A new statistic measures inflation as it applies to the silver-haired generation. No surprise, perhaps, that the Silver Retail Price Index (Silver RPI) shows that inflation has recently hit the over-54s harder than others. Housing costs form a smaller proportion of outgoings for older people, and so they have gained less from the reduction in mortgage costs that has occurred in the last few years. Age UK Enterprises commissioned Fathom Consulting to compile the Silver RPI.
Which? online notes that Fathom are “former Bank of England inflation specialists”. Which? explains that RPI (the standard or “headline” RPI, not the Silver one) was the main general measure of inflation until recently but has been replaced by the Consumer Price Index (CPI),which omits housing costs, as the government’s preferred yardstick. Fathom calculated the Silver RPI in the same way as the headline RPI, but weighted the items from the standard RPI to reflect spending patterns of the over-54s. The weighting was derived from the Living Costs and Food Survey (LCF, formerly the Family Expenditure Survey) an annual survey of around 5,000 households who provide a detailed account of their expenditure over time. Separate RPIs were calculated for 5-year age bands from 55 upwards, with an upper age band of 75+.
Fathom Consulting’s detailed report shows some interesting trends in how inflation affects older people, particularly the figures on pp. 6-7, which plot the Silver CPI against other measures of inflation. The plots show that, whilst now in 2010 the over-54s as a whole are experiencing a higher rate of inflation than that of the headline RPI, nevertheless the oldest age group, the over-74s, are experiencing slightly lower inflation than the headline rate, according to Age UK Enterprises’ measure; and in the periods 2004-2005 and 2007-2008, the headline RPI was actually higher than that of the retrospectively-calculated Silver RPI, perhaps due to higher mortgage rates during these periods.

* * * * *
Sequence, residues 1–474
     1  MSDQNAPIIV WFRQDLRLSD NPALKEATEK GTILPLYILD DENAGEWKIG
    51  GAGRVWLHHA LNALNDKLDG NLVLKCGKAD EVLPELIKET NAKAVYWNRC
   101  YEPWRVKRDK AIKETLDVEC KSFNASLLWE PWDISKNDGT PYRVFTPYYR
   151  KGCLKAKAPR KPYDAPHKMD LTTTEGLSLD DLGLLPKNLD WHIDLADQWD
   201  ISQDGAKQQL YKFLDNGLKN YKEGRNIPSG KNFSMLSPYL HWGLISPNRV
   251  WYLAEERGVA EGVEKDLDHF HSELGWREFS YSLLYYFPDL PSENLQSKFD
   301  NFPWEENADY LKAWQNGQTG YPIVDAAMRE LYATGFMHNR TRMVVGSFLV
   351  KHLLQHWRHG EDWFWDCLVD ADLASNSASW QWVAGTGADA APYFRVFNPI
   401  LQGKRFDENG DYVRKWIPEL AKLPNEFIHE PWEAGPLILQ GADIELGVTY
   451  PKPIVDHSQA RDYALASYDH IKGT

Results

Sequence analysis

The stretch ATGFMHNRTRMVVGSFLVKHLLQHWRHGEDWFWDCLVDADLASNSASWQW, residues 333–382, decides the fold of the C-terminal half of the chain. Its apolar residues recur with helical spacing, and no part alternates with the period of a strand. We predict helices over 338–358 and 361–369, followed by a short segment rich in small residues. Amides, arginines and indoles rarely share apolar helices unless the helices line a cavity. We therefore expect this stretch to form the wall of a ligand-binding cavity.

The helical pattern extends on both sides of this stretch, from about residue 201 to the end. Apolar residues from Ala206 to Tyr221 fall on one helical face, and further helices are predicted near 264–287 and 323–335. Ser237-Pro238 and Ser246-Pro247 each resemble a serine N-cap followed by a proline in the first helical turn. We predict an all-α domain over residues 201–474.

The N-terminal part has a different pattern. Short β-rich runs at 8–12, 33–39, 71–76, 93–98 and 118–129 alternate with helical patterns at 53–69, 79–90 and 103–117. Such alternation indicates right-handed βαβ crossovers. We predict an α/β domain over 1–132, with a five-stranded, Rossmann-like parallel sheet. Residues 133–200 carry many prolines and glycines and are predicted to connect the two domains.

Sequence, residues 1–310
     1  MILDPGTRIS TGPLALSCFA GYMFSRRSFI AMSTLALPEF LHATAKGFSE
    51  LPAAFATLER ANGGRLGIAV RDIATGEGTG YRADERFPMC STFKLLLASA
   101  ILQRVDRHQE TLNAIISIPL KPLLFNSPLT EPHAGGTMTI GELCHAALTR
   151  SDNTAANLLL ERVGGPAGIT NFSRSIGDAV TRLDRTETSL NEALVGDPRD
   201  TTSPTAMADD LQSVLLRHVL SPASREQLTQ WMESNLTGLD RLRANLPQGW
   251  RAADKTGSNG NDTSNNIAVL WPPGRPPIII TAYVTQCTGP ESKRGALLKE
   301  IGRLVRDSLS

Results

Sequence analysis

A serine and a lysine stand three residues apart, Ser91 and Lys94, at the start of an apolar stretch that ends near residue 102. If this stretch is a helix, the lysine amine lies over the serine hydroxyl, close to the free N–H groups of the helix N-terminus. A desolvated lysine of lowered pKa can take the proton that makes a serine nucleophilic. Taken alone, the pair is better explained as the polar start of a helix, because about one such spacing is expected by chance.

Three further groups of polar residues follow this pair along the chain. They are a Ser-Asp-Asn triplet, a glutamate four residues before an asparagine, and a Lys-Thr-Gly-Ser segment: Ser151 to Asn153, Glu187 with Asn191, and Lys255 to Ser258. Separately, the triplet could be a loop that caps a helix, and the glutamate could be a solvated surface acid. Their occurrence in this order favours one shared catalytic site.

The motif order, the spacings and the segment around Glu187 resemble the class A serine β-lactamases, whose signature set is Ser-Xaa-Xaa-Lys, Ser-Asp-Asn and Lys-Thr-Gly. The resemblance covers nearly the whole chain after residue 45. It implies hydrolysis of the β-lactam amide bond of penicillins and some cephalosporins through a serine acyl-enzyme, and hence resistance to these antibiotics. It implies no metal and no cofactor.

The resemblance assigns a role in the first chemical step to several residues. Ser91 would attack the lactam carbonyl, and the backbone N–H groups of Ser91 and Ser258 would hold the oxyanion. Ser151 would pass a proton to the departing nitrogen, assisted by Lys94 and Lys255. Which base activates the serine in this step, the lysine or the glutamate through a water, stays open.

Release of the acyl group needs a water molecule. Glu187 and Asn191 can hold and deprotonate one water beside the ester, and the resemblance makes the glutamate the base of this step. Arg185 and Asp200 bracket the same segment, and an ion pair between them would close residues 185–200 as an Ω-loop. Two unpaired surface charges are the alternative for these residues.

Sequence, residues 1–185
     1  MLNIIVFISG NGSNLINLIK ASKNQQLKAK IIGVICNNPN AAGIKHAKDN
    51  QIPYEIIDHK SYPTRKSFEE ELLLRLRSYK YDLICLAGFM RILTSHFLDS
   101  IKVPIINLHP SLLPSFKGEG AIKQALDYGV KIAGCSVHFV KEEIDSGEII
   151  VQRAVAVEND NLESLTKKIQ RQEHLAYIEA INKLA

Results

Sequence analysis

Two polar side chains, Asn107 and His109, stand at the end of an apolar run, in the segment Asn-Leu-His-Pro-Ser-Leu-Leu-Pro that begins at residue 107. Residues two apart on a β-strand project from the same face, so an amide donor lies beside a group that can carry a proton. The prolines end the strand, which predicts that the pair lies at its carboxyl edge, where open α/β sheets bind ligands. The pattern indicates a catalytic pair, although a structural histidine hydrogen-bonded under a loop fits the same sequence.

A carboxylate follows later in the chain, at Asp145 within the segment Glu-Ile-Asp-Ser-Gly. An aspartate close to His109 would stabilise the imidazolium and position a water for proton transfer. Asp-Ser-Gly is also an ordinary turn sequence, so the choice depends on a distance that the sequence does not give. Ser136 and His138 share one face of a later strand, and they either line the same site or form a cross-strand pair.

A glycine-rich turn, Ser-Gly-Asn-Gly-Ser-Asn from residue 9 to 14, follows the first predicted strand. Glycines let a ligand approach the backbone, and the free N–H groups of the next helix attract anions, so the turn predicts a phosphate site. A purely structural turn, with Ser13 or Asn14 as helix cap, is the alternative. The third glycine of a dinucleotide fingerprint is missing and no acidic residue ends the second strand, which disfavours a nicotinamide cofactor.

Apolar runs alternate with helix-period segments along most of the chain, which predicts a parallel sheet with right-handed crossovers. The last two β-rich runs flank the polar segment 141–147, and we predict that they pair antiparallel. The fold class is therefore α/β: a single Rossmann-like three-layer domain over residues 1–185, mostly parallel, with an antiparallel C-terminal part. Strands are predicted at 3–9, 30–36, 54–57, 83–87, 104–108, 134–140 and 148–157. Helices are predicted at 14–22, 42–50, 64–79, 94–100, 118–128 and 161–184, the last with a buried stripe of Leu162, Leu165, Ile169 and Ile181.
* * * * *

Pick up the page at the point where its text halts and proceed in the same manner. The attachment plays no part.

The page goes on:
The Silver RPI contrasts itself with the Office for National Statistics' (ONS) measures for retail prices for older people, the one-person and two-person pensioner RPI, which omit from their calculation those who receive more than 75% of their income from state benefits. The plots show that for matching age groups the ONS measures sometimes estimate higher prices (e.g. in early 2007 and mid-2008 to mid-2009), compared with the Silver RPI.
A striking histogram in the report plots the estimate of the proportion of spending on mortgage interest payments. The proportion spent on mortgages, which is estimated to be about 34% for the standard RPI, is only 16% for the 55-59 age group, and decreases to 7.5% and 1% for the 60-64 and 65-69 age groups, respectively. The proportions spent by the over 54s on “water and other charges” and “sugar and preserves” increase with age, as shown by equally striking histograms in the report. The older generation are eating their jam today?